Background: Patients receiving chemotherapy (CHT) for cancer are at increased risk for thromboembolic events but clinical trials are required before any recommendations can be made about the use of antithrombotic prophylaxis in these patients.

Patients and methods: A placebo-controlled, double-blind, multicenter, clinical outcome-based study (PROTECHT) was designed to evaluate the efficacy of the low molecular weight heparin nadroparin for prophylaxis of thromboembolic events in cancer patients receiving CHT. Patients with metastatic or locally advanced lung, breast, gastrointestinal (stomach, colon, rectum, pancreas), ovary or head and neck cancer with an ECOG performance status ≤2 were included in the study. Patients on adjuvant or neo-adjuvant CHT were excluded from the study. Eligible patients were randomized in a 2:1 ratio to receive subcutaneous injections of nadroparin, 3,800 anti-Xa IU once daily, or placebo. Treatment was started on the day of initiation of CHT (the first cycle or a new course) and planned for the overall duration of CHT or up to a maximum of 4 months. The primary study end-point was the composite of clinically overt venous or arterial thromboembolic events (deep vein thrombosis of the lower and upper limbs, visceral and cerebral venous thrombosis, pulmonary embolism, acute myocardial infarction, ischemic stroke, acute peripheral arterial thromboembolism, unexplained death of possible thromboembolic origin). Major bleeding was the main safety outcome measure. All study outcome events were evaluated by an independent Adjudication Committee unaware of treatment allocation. The results of one interim analysis of efficacy and two interim analyses of safety were reviewed by an independent Data and Safety Board. In the primary efficacy analysis the p value was adjusted for the interim analysis of efficacy.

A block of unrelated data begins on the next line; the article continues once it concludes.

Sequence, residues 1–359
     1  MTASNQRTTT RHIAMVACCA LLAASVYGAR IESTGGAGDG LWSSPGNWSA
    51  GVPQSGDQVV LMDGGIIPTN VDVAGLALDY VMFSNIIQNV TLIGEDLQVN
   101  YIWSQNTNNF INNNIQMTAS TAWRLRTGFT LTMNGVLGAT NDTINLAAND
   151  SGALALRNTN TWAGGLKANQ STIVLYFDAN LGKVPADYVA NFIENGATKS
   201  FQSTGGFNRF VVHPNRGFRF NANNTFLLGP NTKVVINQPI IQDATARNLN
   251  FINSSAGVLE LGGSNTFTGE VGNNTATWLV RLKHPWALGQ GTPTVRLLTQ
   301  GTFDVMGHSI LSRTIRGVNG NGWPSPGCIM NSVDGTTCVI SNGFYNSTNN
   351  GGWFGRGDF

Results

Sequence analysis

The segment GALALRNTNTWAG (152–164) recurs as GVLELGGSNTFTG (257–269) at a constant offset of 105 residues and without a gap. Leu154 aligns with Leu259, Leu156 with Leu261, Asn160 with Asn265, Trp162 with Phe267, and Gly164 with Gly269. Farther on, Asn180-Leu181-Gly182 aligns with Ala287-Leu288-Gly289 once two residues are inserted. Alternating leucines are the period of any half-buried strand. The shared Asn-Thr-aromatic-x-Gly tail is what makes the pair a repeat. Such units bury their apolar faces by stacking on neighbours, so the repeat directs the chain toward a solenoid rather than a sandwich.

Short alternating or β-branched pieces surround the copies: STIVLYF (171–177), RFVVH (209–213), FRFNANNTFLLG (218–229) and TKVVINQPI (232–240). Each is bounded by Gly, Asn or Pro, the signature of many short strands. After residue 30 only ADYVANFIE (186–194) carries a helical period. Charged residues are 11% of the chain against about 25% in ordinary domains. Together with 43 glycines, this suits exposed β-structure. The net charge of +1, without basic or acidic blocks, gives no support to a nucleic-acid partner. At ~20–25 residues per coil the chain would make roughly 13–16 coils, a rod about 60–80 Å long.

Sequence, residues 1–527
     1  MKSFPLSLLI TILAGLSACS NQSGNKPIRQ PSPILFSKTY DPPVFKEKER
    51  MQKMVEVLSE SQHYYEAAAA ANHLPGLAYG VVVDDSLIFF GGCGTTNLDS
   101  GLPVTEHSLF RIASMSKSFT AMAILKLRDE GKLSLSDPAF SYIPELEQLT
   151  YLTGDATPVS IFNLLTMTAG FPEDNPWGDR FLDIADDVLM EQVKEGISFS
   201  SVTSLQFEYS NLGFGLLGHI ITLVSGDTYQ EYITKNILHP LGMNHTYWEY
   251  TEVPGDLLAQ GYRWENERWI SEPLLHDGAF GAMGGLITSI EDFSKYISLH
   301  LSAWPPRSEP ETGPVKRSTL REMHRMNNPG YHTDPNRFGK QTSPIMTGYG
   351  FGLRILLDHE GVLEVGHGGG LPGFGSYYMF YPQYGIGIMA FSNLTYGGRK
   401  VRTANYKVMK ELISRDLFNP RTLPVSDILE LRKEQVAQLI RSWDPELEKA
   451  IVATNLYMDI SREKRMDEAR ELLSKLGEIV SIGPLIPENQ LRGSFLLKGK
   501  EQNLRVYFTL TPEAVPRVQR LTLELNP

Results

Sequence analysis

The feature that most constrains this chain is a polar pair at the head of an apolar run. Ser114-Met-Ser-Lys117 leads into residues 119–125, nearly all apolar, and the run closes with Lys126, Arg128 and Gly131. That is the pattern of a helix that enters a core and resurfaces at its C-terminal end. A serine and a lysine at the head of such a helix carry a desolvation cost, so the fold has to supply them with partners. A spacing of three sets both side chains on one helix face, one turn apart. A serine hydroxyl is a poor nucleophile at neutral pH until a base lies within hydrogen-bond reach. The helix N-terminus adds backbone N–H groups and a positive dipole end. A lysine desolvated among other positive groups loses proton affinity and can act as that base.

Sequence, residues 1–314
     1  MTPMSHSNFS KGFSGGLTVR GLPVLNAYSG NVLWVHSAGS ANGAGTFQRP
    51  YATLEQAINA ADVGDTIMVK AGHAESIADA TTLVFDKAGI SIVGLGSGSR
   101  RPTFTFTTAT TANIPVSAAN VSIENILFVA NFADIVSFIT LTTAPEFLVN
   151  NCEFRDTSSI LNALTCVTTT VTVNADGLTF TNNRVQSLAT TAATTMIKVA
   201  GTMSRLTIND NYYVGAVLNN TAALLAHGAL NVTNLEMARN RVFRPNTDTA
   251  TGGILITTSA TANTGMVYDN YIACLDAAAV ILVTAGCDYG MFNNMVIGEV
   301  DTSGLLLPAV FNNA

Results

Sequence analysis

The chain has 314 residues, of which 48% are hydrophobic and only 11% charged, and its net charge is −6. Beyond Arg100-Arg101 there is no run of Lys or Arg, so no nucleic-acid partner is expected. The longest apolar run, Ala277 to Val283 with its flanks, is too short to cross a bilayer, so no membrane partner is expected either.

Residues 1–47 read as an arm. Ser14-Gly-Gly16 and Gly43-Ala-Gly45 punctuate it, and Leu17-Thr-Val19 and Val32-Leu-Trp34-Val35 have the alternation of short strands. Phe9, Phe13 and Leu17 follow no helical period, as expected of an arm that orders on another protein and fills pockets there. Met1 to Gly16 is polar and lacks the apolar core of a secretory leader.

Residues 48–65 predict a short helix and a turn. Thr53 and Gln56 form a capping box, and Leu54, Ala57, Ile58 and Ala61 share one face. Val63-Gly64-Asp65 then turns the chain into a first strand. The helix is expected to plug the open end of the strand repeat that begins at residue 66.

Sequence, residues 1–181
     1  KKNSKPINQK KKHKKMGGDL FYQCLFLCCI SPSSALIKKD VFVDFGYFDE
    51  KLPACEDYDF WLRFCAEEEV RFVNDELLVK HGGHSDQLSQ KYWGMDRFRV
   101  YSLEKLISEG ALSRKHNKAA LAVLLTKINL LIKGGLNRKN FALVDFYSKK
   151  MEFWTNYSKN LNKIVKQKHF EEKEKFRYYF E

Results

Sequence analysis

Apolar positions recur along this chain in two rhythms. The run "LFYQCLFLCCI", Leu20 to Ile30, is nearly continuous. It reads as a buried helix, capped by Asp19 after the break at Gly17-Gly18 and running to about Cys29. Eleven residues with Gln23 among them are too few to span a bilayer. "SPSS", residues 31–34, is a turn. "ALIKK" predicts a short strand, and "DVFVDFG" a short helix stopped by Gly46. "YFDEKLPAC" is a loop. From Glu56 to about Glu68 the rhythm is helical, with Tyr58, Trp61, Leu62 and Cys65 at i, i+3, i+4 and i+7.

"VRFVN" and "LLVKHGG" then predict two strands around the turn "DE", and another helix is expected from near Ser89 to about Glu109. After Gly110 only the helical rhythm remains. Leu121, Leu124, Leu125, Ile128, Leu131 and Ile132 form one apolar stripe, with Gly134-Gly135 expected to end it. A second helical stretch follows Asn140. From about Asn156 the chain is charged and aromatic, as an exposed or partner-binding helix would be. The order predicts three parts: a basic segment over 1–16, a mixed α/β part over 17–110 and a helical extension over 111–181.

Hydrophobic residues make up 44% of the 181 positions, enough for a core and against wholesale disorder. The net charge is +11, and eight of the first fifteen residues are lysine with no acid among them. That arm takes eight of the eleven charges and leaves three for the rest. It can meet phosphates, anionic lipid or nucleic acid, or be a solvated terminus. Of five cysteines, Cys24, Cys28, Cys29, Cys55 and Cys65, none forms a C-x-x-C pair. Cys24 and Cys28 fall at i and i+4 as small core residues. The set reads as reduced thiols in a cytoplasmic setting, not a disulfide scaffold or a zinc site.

Results: The two treatment study groups were well balanced for demographic characteristics, cancer site and staging, CHT regimen and thromboembolic risk factors. The average study treatment duration was 90.3±41.2 and 93.9±39.8 days in the nadroparin and placebo groups, respectively. Overall, 1166 patients were randomized and 1150 received at least one dose of the study treatment (primary efficacy analysis and safety population). Cancer distribution was as follows: lung 279 patients (24.3%), colon 235 (20.4%), breast 165 (14.3%), ovary 143 (12.4%), stomach 98 (8.5%), rectum 87 (7.6%), pancreas 53 (4.6%), head and neck 36 (3.1%) and other 54 (4.7%). Sixteen of the 769 patients treated with nadroparin (2.1%) and 15 of the 381 patients treated with placebo (3.9%) had a thromboembolic event (interim-adjusted p value = 0.033, relative risk reduction 47.2%, NNT = 53.8). Venous thromboembolism accounted for 11 events in both the nadroparin and placebo patients. Fifteen of the thromboembolic events occurred in patients with lung cancer (4.0% and 8.8% in nadroparin and placebo patients, respectively; NNT = 22.7). Pancreatic cancer was associated with an overall rate of thromboembolic events of 7.5%. Five patients in the nadroparin group (0.7%) and none in the placebo group suffered a major bleeding (p= 0.177, NNH = 153.8). The incidence of minor bleeding was similar in the two treatment groups: 77 events in 57 patients (7.4%) and 38 events in 30 patients (7.9%) for nadroparin or placebo respectively.

Conclusions: We conclude that nadroparin reduces the incidence of thromboembolic events in cancer patients receiving CHT. Future confirmatory studies should be focused on patients at high thromboembolic risk such as those with lung and pancreatic cancer.

Disclosures: Bianchini:Scientific Director of Italfarmaco, Milan, Italy: Employment.

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